Washington, DC — Green Party presidential candidate Ralph Nader today challenged Al Gore and George W. Bush to explain their positions on industrial hemp and the opposition of the U.S. government to an agricultural crop that would benefit farmers and manufacturers while at the same time providing many environmental benefits.
“Farmers in communities throughout the U.S. would benefit from the ability to grow industrial hemp, a viable crop with some of the longest and strongest natural fibers in the plant kingdom and with thousands of potential uses,” Nader said in a Sept. 9 letter to Gore and Bush.
Nader challenged Gore and Bush to explain to the American voters why it is illegal for farmers in the U.S. to grow a crop that has the potential to help address the global depletion of forest resources, the dependency on foreign oil, the harmful effects of petrochemicals, the excessive use of pesticides for fiber crops, and the economic depression of farming communities.
“Due to bureaucratic red tape and over zealousness on the part of the U.S. Drug Enforcement Administration, industrial hemp cannot be commercially grown in the United States. The DEA and other federal agencies are greatly out of touch with the American public in enforcing their medieval rules regarding industrial hemp,” Nader said.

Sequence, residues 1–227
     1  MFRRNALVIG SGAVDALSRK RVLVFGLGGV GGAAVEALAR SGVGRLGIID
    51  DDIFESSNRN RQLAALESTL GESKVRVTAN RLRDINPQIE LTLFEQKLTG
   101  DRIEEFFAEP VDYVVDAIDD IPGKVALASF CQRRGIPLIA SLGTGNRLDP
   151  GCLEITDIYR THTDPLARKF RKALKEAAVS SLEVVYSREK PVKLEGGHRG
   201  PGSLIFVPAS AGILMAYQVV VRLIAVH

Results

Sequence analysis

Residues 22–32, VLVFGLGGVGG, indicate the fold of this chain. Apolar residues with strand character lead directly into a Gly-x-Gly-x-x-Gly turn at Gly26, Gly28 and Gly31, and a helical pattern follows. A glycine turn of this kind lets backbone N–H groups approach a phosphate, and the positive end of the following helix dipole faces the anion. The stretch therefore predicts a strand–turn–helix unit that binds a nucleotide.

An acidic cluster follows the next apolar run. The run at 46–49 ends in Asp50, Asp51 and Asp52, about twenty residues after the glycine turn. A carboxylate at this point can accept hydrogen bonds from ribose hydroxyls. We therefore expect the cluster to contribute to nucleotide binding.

Nader explained to Gore and Bush that industrial hemp is not a drug, and contains very little of the psychoactive component THC that is found in marijuana. Cumulative studies in Europe and Canada have shown that industrial hemp is not psychoactive. Therefore, smoking it will only give you a headache, not a high.
Industrial hemp produces extremely versatile fiber and oil that can be used in various applications including clothing, fuel, paper, cosmetics, animal bedding, automobile parts, food, rope, textiles, carpeting, etc.
In the past three years, 19 states have introduced pro-industrial hemp resolutions.
Sept. 11, 2000
Honorable Albert Gore
The White House
Washington, D. C.
Governor George Bush
Dear Vice President Gore and Governor Bush:
On Aug. 24 in the early morning, 25 armed agents with the Drug Enforcement Administration (DEA), Federal Bureau of Investigation (FBI), U.S. Marshals Service, and Northern Plains Safe Trails Drug Task Force uprooted two test plots of industrial hemp planted on the Pine Ridge Indian Reservation, destroying the crop that was legally planted under the sovereignty of the Oglala Sioux tribe. The Oglala Sioux people had high hopes for this crop, believing it would allow them to achieve more economic self-sufficiency while also providing useful supplies such as building materials, as tribal leader Joe American Horse explained at a recent press conference in Washington D.C.